Artist Claes Oldenburg, a foundational voice in the development of American contemporary and pop art, has passed away at the age of 93. Known for his monumental constructions that turned every day objects into large-scale sculptures and installations, the artist’s work re-created a range of iconic American images. “My intention is to make an everyday object that eludes definition,” he said. “I’ve expressed myself consistently in objects with reference to human beings rather than through human beings.”
The son of a diplomat, Oldenburg was born in Stockholm in 1929, the artist spent his early years in Europe before going to study at Yale, then on to the Art Institute of Chicago. Moving to New York in the 1950’s, he dove headfirst into the art scene of the era, attending and then later staging a series of his on “Happenings,” including his important early work The Store where he sold reproductions of goods and food. This would branch out into a series of sculpture like Floor Cake and Floor Burger, large food reproductions created from sewn canvas and vinyl.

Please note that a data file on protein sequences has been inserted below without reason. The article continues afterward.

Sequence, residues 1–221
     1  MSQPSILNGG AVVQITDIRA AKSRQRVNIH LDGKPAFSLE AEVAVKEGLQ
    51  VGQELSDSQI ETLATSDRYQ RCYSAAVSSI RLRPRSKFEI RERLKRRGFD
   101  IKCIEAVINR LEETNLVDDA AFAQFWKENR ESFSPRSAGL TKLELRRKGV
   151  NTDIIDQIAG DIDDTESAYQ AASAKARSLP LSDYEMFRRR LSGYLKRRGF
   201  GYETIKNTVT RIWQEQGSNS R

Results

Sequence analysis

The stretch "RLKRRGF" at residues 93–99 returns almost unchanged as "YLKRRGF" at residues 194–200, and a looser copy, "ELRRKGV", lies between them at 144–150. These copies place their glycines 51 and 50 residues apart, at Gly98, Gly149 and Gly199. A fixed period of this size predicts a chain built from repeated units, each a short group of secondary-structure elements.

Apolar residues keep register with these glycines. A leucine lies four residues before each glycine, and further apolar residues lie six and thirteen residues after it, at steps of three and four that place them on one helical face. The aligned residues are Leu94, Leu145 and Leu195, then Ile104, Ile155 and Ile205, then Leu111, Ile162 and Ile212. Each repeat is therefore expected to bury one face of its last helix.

As the artist continued to develop his work, he would continue to create larger and larger works, using tubes of lipstick, garden trowels and clotheslines, among other things. His work would become an iconic piece of the American landscape, installed across a number of cities, bringing his work and vision full circle.
– D. Creahan
Claes Oldenburg Dies at 93; Pop Artist Made the Everyday Monumental [Exhibition Site]